Beetroot and roasted almond dip

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Tess shows how a purée forms the basis of highly versatile beetroot dip recipe. Whack it onto a grilled cheese toastie, pour it on your salad, dip your crisps into it, or serve it as a fun starter. Be sure to wear an apron while making it and keep away from white furniture!

My first ever pop up was last weekend. It was held at flatbread haven, Flatplanet, just off Oxford Circus. It was a Sunday lunch themed three-course menu, hosted in collaboration with Teapigs. Three-courses, followed by truffles and tea, I could not describe the event in any other way than quaint and oh so very British. To remain in tune with the venue I wanted to incorporate their famous flatbreads into my menu, so I used them as a vehicle for my roasted beetroot puree, rosemary goat curd and salted almond starter.

One of my favorite things to do with beetroot is roasting and pureeing. Not only because I am obsessed with my new blender, but because it is delicious and really useful. If you ever find yourself ransacking the fridge at 9pm at night, when you get in from work or in need of a sandwich filler, the beetroot puree can deliver on both counts. Whack it onto your grilled cheese, pour it on your salad, dip your crisps into it, or serve it as a fun starter... the choice is yours. Just remember to wash your hands after you make it, or you too will have a sofa that looks like Patrick Bateman came to visit.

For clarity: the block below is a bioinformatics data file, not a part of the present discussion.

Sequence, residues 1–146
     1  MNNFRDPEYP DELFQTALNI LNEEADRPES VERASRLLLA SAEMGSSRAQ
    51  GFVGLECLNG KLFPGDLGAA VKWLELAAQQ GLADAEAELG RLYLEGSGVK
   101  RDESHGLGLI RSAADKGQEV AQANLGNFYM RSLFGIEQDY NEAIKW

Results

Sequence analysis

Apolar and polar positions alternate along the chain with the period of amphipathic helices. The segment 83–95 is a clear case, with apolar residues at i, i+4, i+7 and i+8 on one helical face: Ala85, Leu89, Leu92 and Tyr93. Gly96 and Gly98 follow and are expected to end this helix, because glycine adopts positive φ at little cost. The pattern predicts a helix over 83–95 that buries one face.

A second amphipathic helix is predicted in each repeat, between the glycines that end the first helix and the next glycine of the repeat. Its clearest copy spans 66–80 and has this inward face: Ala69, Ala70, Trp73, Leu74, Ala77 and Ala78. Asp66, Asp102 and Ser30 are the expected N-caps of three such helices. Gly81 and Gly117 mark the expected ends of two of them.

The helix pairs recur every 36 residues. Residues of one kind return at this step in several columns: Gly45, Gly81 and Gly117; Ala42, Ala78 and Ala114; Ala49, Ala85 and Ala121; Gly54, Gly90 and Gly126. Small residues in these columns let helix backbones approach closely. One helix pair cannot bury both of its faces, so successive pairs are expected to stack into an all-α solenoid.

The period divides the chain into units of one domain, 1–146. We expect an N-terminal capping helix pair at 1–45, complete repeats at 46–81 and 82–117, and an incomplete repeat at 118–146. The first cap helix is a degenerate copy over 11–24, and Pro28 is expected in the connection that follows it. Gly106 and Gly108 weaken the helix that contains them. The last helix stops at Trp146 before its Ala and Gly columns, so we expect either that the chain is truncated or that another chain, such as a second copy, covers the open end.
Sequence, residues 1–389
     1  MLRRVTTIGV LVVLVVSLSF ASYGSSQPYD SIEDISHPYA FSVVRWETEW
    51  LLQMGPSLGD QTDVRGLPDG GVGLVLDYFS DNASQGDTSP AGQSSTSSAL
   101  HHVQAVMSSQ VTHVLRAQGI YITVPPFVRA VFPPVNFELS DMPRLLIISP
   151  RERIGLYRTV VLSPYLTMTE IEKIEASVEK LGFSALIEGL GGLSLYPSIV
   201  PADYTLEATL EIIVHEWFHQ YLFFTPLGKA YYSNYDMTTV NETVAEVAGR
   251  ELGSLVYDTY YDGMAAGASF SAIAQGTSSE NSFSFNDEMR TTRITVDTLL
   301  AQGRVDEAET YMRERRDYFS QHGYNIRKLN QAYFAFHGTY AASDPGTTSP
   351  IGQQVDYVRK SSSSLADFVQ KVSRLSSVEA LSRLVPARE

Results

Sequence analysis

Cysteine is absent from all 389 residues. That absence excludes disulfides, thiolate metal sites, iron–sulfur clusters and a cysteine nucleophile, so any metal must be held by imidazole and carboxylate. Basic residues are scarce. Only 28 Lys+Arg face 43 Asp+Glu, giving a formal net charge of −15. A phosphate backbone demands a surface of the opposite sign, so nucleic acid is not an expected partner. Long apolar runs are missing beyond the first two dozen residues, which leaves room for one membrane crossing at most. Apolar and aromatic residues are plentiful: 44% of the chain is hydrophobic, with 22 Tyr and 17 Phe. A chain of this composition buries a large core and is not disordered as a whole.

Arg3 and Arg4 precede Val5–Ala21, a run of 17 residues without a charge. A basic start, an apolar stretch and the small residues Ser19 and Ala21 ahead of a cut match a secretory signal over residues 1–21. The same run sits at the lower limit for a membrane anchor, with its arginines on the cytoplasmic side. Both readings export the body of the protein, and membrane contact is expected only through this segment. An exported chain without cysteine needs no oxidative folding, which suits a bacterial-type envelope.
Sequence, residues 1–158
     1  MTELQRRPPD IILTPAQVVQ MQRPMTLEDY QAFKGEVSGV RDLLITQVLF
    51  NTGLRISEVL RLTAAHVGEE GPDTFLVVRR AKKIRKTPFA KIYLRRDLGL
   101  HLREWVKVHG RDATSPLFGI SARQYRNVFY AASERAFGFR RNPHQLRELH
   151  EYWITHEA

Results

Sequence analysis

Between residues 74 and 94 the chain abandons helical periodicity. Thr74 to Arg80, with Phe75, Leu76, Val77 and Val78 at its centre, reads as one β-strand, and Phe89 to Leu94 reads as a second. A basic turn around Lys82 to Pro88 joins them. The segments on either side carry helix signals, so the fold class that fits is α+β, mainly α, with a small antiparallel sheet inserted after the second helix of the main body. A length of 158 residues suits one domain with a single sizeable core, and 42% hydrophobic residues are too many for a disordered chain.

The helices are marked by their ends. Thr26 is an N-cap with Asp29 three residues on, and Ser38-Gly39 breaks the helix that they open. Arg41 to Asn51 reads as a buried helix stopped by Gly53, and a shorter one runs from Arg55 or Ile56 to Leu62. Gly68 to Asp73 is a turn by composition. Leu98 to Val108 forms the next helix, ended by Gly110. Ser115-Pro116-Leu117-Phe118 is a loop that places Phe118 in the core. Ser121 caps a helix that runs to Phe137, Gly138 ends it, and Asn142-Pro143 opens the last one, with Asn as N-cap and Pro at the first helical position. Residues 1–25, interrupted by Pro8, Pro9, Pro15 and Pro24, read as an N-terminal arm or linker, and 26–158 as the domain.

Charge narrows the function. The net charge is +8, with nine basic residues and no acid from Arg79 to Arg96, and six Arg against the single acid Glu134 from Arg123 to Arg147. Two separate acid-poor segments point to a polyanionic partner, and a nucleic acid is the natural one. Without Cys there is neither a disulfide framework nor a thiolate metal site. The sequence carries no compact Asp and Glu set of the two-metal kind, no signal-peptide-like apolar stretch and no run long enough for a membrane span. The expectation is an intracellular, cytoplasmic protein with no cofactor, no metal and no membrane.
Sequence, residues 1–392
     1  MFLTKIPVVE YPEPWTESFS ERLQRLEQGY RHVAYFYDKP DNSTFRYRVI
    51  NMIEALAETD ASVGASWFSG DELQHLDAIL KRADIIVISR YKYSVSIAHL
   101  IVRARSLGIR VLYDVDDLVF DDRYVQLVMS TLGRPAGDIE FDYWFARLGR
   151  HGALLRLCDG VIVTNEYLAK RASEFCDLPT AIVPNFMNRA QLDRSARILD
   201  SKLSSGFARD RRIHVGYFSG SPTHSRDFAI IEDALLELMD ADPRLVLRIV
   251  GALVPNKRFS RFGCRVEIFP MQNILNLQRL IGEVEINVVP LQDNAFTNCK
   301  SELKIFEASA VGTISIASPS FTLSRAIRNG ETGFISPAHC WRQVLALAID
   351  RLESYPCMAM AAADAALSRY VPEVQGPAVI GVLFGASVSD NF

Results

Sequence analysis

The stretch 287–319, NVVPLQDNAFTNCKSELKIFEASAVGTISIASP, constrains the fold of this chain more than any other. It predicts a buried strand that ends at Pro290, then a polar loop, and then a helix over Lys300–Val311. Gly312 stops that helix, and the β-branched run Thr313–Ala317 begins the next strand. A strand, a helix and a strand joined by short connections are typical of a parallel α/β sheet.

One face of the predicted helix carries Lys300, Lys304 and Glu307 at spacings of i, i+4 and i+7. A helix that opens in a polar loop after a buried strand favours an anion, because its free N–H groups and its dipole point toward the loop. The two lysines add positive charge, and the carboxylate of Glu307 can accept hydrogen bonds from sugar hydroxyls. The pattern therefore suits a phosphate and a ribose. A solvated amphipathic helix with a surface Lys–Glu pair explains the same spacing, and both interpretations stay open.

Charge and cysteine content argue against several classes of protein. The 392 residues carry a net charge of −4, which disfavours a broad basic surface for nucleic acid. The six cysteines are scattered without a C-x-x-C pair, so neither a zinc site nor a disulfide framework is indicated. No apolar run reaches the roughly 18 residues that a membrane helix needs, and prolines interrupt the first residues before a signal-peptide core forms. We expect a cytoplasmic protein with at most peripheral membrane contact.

I served the starter on a spelt flatbread, with mixed leaves, rosemary goat curd and Gran Luchito smoked chilli honey toasted seeds.




Beetroot dip


Pre-heat the oven to 180 degrees
Put the almonds in a baking tray, drizzle over 1 tbs olive oil and a generous pinch of salt. Shake to coat. Put the tray in the oven and cook for 8-10 minutes, or until they are toasted
Boil/ Roast the beetroot with rosemary, individually wrapped in foil or in a large pan, until tender
Remove the outside skin from the beetroot, slice in half and blitz the beetroot with the remaining ingredients until it reaches your desired texture

Tess Ward is a freelance cook, caterer, food writer and budding TV chef.

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